4.  The Lady Agnès Mystery vol 1: Book 1. The Season of the Beast

VERDICT: Suspenseful saga set in France in the 14th century, at the time of the dreadful Inquisition. Rich in historical details and ripe with secrets powerful enough to kill or to die for.
5. Fire Season: Field Notes from a Wilderness Lookout

Excerpts from my review:
I read this book because of my love for nature and hiking, and also solitary life. I found all this in the book, but much more! I learned a lot about fire management.
I enjoyed the author’s beautiful prose as he contemplates and scrutinizes the horizon at the top of his tower, for several months every year, in New Mexico.

This book was a big revelation for me, I loved it to pieces. I was 17 at the time (so that’s a long time ago!!). Indeed, during the last year of high school. all French students had to study philosophy.

“[Bachelard] is neither a self-confessed and tortured atheist like Sartre, nor, like Chardin, a heretic combining a belief in God with a proficiency in modern science. But, within the French context, he is almost as important as they are because he has a pseudo-religious force, without taking a stand on religion. To define him as briefly as possible – he is a philosopher, with a professional training in the sciences, who devoted most of the second phase of his career to promoting that aspect of human nature which often seems most inimical to science: the poetic imagination …” – J.G. Weightman, The New York Times Review of Books”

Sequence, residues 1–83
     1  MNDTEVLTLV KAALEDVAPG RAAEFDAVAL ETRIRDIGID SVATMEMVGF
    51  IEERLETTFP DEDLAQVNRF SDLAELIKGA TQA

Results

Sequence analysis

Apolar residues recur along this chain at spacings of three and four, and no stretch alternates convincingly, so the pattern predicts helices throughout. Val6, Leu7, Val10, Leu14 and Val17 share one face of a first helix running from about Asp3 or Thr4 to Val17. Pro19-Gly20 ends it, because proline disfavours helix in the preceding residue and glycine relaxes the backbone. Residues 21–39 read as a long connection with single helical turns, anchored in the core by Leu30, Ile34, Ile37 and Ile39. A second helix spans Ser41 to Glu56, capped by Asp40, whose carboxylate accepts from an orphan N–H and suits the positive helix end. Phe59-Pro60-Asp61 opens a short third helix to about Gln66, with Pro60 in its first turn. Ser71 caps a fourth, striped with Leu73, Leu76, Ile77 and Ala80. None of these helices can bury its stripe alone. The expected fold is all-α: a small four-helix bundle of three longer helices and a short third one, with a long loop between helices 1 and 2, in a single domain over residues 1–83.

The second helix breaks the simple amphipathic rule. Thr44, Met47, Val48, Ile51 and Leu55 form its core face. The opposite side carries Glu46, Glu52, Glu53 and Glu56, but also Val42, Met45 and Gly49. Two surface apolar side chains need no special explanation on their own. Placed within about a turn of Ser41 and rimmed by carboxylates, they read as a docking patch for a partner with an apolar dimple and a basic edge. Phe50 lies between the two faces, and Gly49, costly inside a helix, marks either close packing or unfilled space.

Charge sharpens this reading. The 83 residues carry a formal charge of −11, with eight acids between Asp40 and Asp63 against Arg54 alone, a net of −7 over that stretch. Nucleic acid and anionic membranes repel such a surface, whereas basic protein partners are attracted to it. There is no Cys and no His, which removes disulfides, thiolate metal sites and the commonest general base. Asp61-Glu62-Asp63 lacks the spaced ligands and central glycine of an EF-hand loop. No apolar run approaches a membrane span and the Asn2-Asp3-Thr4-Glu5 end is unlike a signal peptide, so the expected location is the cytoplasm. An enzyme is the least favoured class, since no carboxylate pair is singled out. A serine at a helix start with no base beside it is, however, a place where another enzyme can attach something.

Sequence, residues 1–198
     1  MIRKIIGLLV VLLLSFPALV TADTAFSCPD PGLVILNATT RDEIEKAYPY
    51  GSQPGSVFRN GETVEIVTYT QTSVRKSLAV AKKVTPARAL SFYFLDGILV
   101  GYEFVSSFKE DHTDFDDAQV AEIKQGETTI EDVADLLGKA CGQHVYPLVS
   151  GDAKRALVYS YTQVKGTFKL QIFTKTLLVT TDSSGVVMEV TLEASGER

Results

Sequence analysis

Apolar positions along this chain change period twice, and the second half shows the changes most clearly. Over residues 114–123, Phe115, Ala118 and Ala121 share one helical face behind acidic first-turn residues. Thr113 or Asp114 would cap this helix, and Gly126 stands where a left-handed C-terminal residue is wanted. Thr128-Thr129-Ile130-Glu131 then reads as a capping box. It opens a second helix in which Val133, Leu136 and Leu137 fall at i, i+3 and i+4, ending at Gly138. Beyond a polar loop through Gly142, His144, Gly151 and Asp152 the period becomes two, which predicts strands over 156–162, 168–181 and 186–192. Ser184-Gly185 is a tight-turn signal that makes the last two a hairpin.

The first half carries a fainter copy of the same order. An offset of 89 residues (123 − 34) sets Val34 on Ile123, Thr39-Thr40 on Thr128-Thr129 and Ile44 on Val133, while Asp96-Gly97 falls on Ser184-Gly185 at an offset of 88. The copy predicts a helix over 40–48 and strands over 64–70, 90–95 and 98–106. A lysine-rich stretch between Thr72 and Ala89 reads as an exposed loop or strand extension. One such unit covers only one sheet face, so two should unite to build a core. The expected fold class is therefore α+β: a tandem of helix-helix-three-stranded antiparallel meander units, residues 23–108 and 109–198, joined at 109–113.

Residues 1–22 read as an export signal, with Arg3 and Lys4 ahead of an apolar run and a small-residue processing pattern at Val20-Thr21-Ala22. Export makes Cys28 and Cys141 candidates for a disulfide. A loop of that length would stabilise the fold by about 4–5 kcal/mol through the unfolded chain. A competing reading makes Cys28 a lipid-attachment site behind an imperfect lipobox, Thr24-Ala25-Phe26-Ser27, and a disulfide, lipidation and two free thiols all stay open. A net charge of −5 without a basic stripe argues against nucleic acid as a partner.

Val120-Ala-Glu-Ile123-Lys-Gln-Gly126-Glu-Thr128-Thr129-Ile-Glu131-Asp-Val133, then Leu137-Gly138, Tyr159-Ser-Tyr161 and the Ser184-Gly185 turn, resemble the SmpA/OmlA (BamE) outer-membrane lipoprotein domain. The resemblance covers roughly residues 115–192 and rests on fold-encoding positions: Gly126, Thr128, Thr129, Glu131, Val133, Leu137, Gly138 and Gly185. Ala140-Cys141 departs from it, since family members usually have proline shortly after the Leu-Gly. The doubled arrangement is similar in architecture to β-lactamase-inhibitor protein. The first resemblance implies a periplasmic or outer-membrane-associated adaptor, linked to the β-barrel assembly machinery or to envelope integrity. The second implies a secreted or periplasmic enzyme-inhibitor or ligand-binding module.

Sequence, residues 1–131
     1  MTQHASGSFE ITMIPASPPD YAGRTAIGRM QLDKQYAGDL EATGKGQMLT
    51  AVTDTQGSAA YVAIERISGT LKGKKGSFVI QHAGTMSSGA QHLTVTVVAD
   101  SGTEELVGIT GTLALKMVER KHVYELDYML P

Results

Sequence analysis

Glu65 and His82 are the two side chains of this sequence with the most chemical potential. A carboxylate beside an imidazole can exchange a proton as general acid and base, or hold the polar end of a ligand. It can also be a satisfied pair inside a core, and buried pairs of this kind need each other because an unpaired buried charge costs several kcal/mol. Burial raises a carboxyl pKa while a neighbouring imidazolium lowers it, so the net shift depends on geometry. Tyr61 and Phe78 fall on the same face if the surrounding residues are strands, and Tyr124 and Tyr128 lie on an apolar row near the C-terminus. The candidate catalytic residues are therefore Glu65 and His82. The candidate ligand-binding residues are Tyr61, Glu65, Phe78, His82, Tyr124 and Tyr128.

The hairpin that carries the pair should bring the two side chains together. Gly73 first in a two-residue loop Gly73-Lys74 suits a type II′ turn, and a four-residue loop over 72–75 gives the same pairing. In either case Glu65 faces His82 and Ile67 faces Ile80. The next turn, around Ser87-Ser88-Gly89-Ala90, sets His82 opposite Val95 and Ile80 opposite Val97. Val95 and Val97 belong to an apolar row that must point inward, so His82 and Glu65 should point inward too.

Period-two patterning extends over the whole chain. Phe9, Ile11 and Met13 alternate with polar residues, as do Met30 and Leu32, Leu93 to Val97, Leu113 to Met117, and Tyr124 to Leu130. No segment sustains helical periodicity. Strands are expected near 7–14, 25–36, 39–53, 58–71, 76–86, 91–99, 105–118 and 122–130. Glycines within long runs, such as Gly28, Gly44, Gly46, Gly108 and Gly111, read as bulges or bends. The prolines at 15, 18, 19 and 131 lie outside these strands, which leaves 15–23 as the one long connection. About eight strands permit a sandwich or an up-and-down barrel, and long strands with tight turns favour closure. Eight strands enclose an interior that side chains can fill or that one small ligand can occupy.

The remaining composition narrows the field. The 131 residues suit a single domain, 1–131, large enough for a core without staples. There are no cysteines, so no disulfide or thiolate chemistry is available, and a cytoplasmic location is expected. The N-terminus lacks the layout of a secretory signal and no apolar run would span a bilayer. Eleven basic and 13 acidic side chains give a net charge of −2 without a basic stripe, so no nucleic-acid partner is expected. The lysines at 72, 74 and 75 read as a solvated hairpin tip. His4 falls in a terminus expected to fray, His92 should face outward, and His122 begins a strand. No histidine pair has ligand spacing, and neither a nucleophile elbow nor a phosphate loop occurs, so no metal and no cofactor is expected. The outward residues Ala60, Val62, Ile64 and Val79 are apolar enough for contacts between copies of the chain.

– that’s the synopsis featured on Goodreads.

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Visit other chains here

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HAVE YOU READ AND ENJOYED ANY OF THESE BOOKS?

Sunday Post #41 – 3/7/2021

Sunday Post

The Sunday Post is a weekly meme hosted by
Kimba @ Caffeinated Book Reviewer.
It’s a chance to share news.
A post to recap the past week on your blog,
showcase books and things we have received.
Share news about what is coming up
on your blog
for the week ahead.
See rules here: Sunday Post Meme

***